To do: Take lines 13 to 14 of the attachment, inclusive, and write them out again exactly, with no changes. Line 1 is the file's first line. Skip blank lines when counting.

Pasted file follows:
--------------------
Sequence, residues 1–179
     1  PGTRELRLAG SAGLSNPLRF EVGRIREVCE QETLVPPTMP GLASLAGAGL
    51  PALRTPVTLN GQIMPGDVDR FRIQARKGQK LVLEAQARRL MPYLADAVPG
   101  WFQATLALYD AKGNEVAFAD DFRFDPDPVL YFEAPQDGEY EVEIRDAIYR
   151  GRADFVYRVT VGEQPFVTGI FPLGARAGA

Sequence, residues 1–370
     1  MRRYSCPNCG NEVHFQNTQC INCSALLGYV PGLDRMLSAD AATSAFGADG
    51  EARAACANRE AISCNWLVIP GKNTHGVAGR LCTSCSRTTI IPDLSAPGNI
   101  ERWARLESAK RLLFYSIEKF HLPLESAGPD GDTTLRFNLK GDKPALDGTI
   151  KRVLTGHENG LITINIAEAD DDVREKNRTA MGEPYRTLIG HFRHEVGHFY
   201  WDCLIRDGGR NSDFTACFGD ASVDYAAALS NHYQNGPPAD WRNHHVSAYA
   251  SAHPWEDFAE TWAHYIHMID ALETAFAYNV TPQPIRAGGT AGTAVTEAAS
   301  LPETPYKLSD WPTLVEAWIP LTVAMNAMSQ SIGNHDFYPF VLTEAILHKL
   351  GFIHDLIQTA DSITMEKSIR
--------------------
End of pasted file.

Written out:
   301  LPETPYKLSD WPTLVEAWIP LTVAMNAMSQ SIGNHDFYPF VLTEAILHKL
   351  GFIHDLIQTA DSITMEKSIR